AnalySwift Receives Grant to Improve Service Life of Helicopters

Pete CodellaNews

AnalySwift, a Utah State University spinout now located in West Jordan, Utah, received a Small Business Innovation Research (SBIR) program grant from the U.S. Navy in October 2019. The SBIR award helps the company further develop its SwiftComp software that provides efficient, high-fidelity modeling of composites.

The company recently worked with the Utah SBIR Center, a state-funded initiative to provide Utah companies with free assistance to secure highly competitive non-equity position funding.

“The Utah SBIR Center has worked with AnalySwift since the technology-based venture launched from Utah State University. We’re thrilled to have their efforts recognized by the Navy’s SBIR program,” said Mary Cardon, director of the Utah SBIR Center, an initiative of the Utah Governor’s Office of Economic Development. “This highly competitive funding allows the company to advance its technology without losing any equity. And that’s a win for everyone.”

The company is collaborating with researchers from Purdue University to accomplish this project. The advancements will be incorporated into existing AnalySwift software, named SwiftComp, and used by companies to provide accurate and efficient modeling of composites.

The project will help the Navy by advancing software to better predict the durability of flexbeams made from composite materials, which are materials made from two or more different materials that, when combined, are stronger, lighter or have other advantages over those individual materials by themselves.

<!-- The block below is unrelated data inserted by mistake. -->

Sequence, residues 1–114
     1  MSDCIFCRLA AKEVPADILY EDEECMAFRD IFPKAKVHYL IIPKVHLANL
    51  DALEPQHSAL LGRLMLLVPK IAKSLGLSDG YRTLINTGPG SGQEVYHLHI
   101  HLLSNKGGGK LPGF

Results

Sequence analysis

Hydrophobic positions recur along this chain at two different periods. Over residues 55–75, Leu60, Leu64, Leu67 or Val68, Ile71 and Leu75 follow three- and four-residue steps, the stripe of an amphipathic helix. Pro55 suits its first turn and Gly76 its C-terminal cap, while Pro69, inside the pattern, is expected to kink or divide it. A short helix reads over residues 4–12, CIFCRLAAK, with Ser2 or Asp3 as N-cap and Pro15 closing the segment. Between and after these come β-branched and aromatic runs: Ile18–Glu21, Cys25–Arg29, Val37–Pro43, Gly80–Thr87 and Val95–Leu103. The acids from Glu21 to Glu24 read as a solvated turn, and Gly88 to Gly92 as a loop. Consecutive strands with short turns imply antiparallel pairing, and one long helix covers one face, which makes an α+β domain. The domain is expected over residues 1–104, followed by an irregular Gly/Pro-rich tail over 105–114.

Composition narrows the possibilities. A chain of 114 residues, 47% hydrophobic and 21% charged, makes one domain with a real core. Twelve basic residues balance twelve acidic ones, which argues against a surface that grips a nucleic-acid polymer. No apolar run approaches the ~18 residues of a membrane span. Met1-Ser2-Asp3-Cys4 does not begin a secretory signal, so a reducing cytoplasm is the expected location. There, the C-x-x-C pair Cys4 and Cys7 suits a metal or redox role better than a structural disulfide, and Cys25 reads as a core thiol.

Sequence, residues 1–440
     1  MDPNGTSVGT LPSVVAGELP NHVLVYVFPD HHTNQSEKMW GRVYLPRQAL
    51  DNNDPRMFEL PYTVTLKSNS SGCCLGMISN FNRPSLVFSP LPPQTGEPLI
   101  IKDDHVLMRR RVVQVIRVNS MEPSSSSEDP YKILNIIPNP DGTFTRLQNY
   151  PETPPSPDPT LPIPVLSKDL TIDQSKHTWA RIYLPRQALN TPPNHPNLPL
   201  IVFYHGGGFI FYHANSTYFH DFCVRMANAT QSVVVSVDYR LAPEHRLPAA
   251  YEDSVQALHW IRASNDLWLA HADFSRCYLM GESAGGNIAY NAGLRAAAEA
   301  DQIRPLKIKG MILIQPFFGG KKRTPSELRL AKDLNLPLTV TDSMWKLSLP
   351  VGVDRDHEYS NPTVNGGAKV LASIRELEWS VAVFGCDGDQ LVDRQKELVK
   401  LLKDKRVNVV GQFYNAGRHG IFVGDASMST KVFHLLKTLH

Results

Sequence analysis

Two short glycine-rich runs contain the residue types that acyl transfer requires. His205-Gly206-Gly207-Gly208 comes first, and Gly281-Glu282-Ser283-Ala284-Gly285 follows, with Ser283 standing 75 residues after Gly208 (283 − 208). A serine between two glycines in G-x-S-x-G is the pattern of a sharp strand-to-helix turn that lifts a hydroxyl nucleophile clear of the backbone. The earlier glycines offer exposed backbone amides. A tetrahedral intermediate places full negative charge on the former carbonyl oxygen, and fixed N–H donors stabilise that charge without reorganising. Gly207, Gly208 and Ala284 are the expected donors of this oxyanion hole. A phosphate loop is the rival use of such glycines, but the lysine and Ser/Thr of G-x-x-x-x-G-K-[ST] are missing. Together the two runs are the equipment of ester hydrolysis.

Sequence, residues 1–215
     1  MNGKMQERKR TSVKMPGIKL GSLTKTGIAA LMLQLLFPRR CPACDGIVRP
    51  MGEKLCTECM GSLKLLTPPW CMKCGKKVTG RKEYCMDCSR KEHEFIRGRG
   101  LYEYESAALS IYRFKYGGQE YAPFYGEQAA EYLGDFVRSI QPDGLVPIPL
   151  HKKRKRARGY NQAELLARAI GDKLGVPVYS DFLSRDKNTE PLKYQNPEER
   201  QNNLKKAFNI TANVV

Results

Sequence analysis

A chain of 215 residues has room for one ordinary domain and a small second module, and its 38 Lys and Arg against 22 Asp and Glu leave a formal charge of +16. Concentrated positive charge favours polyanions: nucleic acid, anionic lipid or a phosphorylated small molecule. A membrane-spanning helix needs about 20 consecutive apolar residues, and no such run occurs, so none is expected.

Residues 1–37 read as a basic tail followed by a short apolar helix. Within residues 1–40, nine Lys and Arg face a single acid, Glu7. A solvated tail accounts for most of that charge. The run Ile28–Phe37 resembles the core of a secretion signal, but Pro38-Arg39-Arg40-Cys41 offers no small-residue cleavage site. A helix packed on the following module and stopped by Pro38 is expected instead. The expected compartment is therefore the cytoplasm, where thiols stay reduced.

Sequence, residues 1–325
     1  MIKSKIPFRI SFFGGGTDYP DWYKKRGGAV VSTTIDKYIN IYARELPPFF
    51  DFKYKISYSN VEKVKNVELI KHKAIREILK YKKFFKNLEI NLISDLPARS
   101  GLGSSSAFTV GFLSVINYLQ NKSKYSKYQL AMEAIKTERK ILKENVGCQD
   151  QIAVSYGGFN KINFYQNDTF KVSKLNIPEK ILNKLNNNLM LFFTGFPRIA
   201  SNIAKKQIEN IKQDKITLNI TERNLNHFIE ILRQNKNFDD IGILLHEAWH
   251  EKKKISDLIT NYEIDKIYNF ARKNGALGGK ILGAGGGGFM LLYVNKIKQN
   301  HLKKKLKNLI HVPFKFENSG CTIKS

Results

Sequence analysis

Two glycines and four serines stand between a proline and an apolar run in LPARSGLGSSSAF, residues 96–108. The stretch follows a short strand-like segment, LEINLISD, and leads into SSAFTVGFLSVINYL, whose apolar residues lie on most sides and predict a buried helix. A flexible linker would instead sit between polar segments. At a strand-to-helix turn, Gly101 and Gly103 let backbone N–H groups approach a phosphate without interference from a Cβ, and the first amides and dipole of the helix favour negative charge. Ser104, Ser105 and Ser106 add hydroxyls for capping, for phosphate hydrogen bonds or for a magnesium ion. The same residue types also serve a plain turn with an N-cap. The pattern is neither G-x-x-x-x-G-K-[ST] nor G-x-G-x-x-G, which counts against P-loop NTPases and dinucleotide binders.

“We are excited to partner with the U.S. Navy to help address this challenge,” said Allan Wood, president and CEO of AnalySwift. “The Navy will use the resulting software technology to properly align a helicopter’s predicted life to actual service life, reduce downtime in redesigns and, ultimately, save money.”

A helicopter flexbeam is the critical component that connects the blade with the hub. Flexbeams made from composites are particularly difficult to design and analyze due to their complexity, including their tapered and curved nature and complex microstructures.

“Our specific project aims to enable an efficient high-fidelity toolset with significantly improved durability predictive capabilities for composite flexbeams using user-defined elements,” Wood said. “Success of this proposal will produce a practical solution for efficient yet accurate durability analysis of composite flexbeams.”

Potential applications outside of helicopter flexbeams include helicopter and wind turbine blades, as well as complex composite structures featuring non-uniform cross-sections used in aerospace, automotive and sports. It also has applications for thick composite structures where ply-level stress and durability prediction is critical.

In addition to better strength and durability analysis for curved and tapered composite structures such as composite flexbeams, the project aims to:

  • Significantly reduce the time and cost used for the design and redesign of complex composite structures.
  • Gain additional insightful guidance for experiments in understanding the effects of ply drop-offs and other defects of composite flexbeams.
  • Have explicit modeling of internal features and defects, easy handling of hybrid materials and direct incorporation of new material models.